MBA Acceptance Rates At The Top 50 Business Schools In The U.S.

Last fall, when business schools started releasing class profiles for their 2019 MBA intakes, the leading schools — as usual — were quickest to publicize their data. The top 25 full-time MBA programs are, by and large, admirably transparent with the commonly reported attributes of their students: average age, average undergraduate GPA, and average (or median) score on the Graduate Management Admission Test. Historically, most top schools also have been open about disclosing things like number of applications received and number of applicants admitted, two numbers that, together with the number of enrollees, allow for the calculation of acceptance rate and yield — two of the most important data points in the business school universe, as any would-be applicant (and most admissions officers) will tell you.

Because Poets&Quants was able to collect acceptance rate data for the top 25 schools so quickly last fall, we published it right away, knowing it would come in handy for readers working to meet first-round deadlines. And then we went about finding the acceptance rates for the schools ranked 26-50 — a process that took some time but that is now done. The biggest news in this story, therefore, is not about Harvard, Wharton, Stanford or the rest of the M7 super elites, nor the second-tier schools of the “S10” or even the schools at the lower end of the top 25, because they got their analysis in October.

Instead, here is the skinny on the rest.


Of the 25 schools in the lower half of the top 50, 20 saw increases in their acceptance rates, with the largest coming at Michigan State University’s Broad College of Business, where the rate grew from 44.3% in 2018 to 59.0% in 2019, a 14.7-point increase that calculates to a 33.2% jump. MSU Broad is ranked 33rd by P&Q. Other lower-25 schools with big year-over-year acceptance rate increases: Arizona State University’s Carey School of Business (20% to 31%), Washington University in St. Louis Olin Business School (33% to 43.4%), Wisconsin School of Business (33.3% to 43.7%), and Purdue University Krannert School of Management (49.4% to 59.4%).

However, while the top 25 had three schools that saw actual decreases, the lower 25 had four: Vanderbilt University’s Owen Graduate School of Management, University of Rochester Simon Business School, University of Pittsburgh Katz Graduate School of Business, and Boston University Questrom School of Business. Rochester Simon had the biggest drop, 3.9 points, or nearly 12%.

The lowest acceptance rate among the lower 25 schools is at No. 31 Penn State Smeal College of Business, which boasts a 19.8%, the only rate below 20% in the bottom 25. Smeal’s rate last year was 17.6%. The average rate for all lower-25 schools is 43.3%, compared to 30.7% for the top 25 schools.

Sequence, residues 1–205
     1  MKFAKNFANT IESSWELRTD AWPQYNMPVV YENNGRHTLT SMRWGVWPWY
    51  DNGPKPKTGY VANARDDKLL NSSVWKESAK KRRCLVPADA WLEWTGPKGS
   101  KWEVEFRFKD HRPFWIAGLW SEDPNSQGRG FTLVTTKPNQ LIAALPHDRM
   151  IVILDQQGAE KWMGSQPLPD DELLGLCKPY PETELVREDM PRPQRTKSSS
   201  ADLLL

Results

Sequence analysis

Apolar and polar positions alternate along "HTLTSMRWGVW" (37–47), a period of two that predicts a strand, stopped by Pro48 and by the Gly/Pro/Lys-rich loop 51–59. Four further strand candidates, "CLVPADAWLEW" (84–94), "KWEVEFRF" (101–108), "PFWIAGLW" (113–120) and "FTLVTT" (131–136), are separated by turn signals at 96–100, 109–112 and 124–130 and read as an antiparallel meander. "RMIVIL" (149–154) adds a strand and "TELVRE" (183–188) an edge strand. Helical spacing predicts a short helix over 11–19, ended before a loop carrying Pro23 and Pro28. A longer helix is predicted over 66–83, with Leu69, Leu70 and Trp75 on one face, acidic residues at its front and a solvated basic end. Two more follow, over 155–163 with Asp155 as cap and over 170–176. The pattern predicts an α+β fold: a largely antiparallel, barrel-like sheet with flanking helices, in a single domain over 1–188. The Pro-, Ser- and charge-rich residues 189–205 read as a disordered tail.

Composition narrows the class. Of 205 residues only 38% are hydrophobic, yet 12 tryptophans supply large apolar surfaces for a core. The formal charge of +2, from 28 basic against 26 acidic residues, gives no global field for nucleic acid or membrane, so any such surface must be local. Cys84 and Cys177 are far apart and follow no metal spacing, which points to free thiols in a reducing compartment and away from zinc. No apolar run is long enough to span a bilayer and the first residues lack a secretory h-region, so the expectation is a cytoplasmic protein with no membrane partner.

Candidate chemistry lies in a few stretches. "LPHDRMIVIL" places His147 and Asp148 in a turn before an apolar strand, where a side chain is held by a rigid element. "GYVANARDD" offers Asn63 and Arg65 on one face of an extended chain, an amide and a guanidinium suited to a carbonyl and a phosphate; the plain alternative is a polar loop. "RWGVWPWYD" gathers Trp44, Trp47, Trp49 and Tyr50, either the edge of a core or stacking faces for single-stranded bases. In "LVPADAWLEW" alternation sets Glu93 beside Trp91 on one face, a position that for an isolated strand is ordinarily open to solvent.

The ongoing application plunge affecting all U.S. business schools impacts other important metrics, acceptance rate perhaps most directly. Among the top 50 schools, 42 saw their rates go up in 2019, while only seven saw decreases (one school, Southern Methodist University’s Cox School of Business, has not reported enough data to make a comparison). The average increase in the top 25 is 4.3 percentage points, while the average increase in the lower half of the top 50 is 5.7 points.

Altogether, seven schools had greater than 10-point increases to their acceptance rates between 2018 and 2019: Wisconsin (33.3% to 43.7%), Dartmouth College Tuck School of Business (22.7% to 34.5%), Indiana University Kelley School of Business (38% to 49.4%), Washington Olin (33% to 43.4%), Purdue Krannert (49.4% to 59.4%), ASU Carey (20% to 31%), and Michigan State Broad (44.3% to 59.0%). The University of Georgia Terry College of Business almost made the list, having gained 9.2 points: 32.2% to 41.4%.

And the schools where acceptance rates have actually gone down? The University of Chicago Booth School of Business (-0.4 points), MIT Sloan School of Management (-0.6), Rice University Jones Graduate School of Business (-1.7), Vanderbilt Owen (-2.3), Rochester Simon (-3.9), Pittsburgh Katz (-1.7), and Boston Questrom (-1.0).

The picture isn’t any prettier, from a school perspective, for the top 10 programs, where acceptance rate climbed an average of 4.1 percentage points, with Tuck’s jump being the biggest. Overall in the top 10, the acceptance rate climbed to 19.7% from 17.2% last year. It has been on a steady incline since 2016, growing 5.2 points, or about 36%, in that span.


Acceptance rates may be climbing, but yield has not followed. Thirty-seven of 50 schools saw declines last year in yield, which is the proportion of admitted students who actually enroll. The biggest yield slip came at UC-Davis Graduate School of Management, which saw its yield decline 16.3%, from 44.7% in 2018 to 37.4% last fall. In fact, three of the five worst year-over-year yield declines occurred in the top 25, with Dartmouth (-16%) and Columbia (-8.6%) among the hardest hit.

On the other hand, among the six schools with the biggest increases in yield, four are in the lower half of the top 50. All yield increases were led by Pittsburgh Katz, which saw a 10.5-point jump from 44.4% to 54.9%; that’s a 23.6% increase. Washington Olin (19.6%) and Rochester Simon (18.6%) also had notable jumps.

See the next pages for the complete table of acceptance rates, applications, admits, enrollment, and yield at the top 50 U.S. MBA programs.

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